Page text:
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Rule #1 of online game development: Do not design your game world to rely on its users to function.

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it really depends on how you present your game. All games have some mature players, and they are usually the most powerful/popular. With this in mind, you have to make it so that your game design relies on powerful/popular people to function, not the average person on the street.

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Quote:
Original post by Mobile
Rule #1 of online game development: Do not design your game world to rely on its users to function.


Hopfully this won't be too much of a hi-jack.. but Why would this be a rule?

There are plenty of MMOGs that violate this rule. And even though they are not huge like WoW, they are very good games (just as good as huge commercial successes from a gameplay point of view) and some are even financially successful.

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Guest Anonymous Poster
HAM, read what obscure wrote it answers your question. There are people that live to try and ruin other peoples experiences.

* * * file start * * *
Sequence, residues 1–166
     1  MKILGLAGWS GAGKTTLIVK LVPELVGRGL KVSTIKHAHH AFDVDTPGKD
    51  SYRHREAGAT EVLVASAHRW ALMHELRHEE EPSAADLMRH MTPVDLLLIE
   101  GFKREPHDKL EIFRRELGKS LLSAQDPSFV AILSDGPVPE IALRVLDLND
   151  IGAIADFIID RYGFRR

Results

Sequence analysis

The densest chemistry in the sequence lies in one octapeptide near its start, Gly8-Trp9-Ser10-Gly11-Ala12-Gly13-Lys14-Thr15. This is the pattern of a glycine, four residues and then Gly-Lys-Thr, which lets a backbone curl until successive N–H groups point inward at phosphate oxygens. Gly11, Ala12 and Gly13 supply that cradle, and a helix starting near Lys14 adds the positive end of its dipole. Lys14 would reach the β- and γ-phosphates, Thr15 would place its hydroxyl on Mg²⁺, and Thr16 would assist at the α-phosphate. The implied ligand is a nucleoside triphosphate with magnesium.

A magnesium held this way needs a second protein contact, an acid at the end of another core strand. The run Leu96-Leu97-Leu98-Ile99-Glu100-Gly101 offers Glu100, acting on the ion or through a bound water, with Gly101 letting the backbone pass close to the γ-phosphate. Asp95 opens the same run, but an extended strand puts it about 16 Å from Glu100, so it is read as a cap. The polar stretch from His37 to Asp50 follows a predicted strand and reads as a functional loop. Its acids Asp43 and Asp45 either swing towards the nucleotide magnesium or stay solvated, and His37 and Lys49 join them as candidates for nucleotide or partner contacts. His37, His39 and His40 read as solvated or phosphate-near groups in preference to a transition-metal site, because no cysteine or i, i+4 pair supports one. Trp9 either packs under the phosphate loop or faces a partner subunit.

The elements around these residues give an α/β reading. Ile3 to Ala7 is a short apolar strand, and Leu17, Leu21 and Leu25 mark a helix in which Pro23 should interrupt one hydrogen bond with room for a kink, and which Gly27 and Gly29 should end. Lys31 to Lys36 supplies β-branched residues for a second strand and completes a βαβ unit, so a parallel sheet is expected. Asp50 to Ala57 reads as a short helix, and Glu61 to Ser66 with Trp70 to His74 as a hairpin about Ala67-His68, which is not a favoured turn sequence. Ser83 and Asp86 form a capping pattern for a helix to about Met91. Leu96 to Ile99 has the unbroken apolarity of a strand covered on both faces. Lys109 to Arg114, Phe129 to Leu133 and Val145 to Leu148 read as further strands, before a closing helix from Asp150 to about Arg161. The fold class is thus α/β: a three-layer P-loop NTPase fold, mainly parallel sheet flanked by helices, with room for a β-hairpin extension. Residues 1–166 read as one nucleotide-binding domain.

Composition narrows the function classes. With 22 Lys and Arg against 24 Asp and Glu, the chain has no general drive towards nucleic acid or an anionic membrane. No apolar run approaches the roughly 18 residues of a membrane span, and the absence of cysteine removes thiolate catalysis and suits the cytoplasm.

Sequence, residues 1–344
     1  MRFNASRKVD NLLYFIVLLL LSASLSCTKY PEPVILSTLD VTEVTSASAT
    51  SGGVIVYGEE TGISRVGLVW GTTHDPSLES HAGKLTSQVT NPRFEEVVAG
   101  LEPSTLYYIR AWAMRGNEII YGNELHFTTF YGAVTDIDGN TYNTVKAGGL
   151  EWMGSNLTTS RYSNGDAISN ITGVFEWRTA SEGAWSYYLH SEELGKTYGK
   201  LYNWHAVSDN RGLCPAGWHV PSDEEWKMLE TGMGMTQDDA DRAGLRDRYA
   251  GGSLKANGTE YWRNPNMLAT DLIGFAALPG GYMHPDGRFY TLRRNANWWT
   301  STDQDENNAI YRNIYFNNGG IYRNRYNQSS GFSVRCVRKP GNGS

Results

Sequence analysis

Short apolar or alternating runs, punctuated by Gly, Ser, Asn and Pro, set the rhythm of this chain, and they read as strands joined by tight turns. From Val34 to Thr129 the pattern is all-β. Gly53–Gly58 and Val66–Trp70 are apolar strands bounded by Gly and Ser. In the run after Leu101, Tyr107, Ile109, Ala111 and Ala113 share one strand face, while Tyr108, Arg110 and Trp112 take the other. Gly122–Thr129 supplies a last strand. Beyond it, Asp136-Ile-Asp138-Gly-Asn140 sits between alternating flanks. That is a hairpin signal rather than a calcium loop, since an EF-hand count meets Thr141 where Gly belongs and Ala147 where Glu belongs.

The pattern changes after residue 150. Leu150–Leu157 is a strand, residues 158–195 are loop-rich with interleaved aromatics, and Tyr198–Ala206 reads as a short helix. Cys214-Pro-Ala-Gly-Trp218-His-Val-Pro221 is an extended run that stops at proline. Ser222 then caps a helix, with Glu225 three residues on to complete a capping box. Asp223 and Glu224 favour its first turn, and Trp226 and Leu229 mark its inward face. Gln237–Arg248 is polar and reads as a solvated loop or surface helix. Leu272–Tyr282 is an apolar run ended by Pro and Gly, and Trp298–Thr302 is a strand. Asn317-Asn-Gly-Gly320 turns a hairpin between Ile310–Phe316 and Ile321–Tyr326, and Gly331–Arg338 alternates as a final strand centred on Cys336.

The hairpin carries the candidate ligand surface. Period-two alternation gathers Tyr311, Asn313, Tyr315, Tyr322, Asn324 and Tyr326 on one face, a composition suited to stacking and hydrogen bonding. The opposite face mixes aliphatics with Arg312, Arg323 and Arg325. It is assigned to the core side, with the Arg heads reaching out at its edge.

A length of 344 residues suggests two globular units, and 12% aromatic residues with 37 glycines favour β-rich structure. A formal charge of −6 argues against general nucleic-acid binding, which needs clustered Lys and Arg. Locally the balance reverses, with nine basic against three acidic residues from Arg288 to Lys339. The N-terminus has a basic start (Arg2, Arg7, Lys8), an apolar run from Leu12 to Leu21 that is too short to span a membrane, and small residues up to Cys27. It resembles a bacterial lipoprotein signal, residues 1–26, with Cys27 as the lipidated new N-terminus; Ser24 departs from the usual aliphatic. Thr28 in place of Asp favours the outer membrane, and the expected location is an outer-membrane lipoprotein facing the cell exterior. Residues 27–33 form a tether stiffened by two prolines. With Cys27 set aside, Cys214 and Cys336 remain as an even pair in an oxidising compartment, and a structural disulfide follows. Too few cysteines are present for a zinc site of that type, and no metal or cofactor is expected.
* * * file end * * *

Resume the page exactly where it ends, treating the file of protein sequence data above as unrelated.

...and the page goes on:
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Quote:
Original post by HAM
Quote:
Original post by Mobile
Rule #1 of online game development: Do not design your game world to rely on its users to function.


Hopfully this won't be too much of a hi-jack.. but Why would this be a rule?

There are plenty of MMOGs that violate this rule. And even though they are not huge like WoW, they are very good games (just as good as huge commercial successes from a gameplay point of view) and some are even financially successful.

I think that Obscure gave good reason to see it as a rule. Depending on players to "play nice" or not to "take their ball & go home" would be risky. No matter how well you sugar coat it, no one wants to be the victim or taken advantage of. Also it could open up abusing of the system, "super heros" gather all the citizens somewhere safe & guard it so well that villians can't get at them to kidnaped or mugged.

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Quote:
Original post by HAM
Hopfully this won't be too much of a hi-jack.. but Why would this be a rule?
I guess you don't play many online games? The single biggest problem in the online gaming community is the players. People griefing in FPS, cheats/farmers/dupers in MMPOGs, people who disconnect as soon as they look like losing in an RTS.

Developers go to great lengths to try and develop ways to stop griefers ruining the game play experience and the OP is going to make a game that relies on them. It will be a blood-bath.

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Developers go to great lengths to try and develop ways to stop griefers ruining the game play experience and the OP is going to make a game that relies on them. It will be a blood-bath.